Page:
Green witches base their belief system on the largely on the earth and mother nature. They do their spells or rituals out in the woods and fields around their home. They often use the elements around them in their practice to create less waste. You can expect most of these witches to have a garden of some type in or around there home. Green witches also tend to have a large knowledge of herbal magic and flower magic making their plants a spectacular sight.

Cover Image Credit: Marc Potts

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How Superstitious Sheep Herders Started Beltane, The Irish Fire Festival

Mayday, still a popular holiday across Europe, has its roots in an important festival of the past.
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A Celtic tradition, Beltane was still practiced until the 19th century. As one of the four major Gaelic holidays (Samhain, Imbolc, Beltane, and Lughnasadh), it was a celebration of the changing seasons. They divide the year into seasonal quarters. Beltane is the beginning of summer and marks the beginning of the second half of the year; the time of light.

Pastoral Ireland


This tradition is much older than the mayday festivities seen in Germany and Scandinavia. It dates to a time when Ireland was a pastoral community. May 1st holds no value for agricultural communities. It marks the transition of livestock to open pasture.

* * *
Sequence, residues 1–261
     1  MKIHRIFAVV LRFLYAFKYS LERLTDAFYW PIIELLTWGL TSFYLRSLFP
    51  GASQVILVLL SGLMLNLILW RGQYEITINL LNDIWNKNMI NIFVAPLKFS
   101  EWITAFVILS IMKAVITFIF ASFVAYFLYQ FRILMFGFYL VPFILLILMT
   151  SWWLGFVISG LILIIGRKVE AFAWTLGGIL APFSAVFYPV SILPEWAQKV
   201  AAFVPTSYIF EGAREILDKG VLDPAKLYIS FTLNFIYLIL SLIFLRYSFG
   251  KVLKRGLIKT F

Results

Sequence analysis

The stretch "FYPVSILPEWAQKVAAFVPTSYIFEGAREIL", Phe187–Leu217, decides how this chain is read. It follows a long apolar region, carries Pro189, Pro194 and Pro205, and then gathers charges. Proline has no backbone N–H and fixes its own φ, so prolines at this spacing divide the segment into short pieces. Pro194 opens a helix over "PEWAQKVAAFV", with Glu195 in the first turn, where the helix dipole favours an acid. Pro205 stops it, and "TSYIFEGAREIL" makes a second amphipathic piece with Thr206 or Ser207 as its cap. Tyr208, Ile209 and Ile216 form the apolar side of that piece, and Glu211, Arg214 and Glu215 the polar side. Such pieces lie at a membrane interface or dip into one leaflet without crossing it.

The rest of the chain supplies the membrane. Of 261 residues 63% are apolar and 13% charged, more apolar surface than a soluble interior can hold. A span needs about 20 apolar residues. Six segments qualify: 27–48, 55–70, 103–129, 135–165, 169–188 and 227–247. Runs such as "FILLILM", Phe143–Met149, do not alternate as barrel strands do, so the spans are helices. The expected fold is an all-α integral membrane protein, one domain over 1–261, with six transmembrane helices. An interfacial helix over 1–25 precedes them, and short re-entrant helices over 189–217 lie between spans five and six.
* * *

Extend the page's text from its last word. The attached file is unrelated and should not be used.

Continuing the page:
Herding is at the root of Beltane. Called Lá Bealtaine in Gaelic, it means “bright fire” or “lucky fire.” The tradition is celebrated in not just Ireland, but Scotland and the Isle of Man. It centers around the lighting of large bonfires to protect the herds.

Aos sí


Therefore, it’s one of the most important of the four Gaelic holidays, second only to Samhain, the beginning of the dark half of the year. This is because, at the split between light and dark, the veil separating our world from the aos sí is at its thinnest.

Aos sí translates to “people of the mounds.” They’re a supernatural race of spirits, gods, and ancient ancestors similar to the elves and fairies, thought to live in mounds or across the western sea. Inhabiting Ireland before the arrival of man, they live in an invisible world parallel to ours. Think of it as a mirror where they walk among the living.

Belenus


One such god, Belenus, is called the “bright one.” Speculation insinuates that Beltane is for him. Beltane can be translated as “bright fire” or “Bel’s fire.” He is likened to Apollo; he brought the sun across the sky in a chariot pulled by horses.

Belenus was one of the chief and most prominent deities worshipped in Ireland. Essentially, he was the sun god. He represented rebirth, youth, and life. With the coming of summer, and the entrance into the light half of the year, its not an unreasonable speculation that he was associated with Beltane.

Need-fire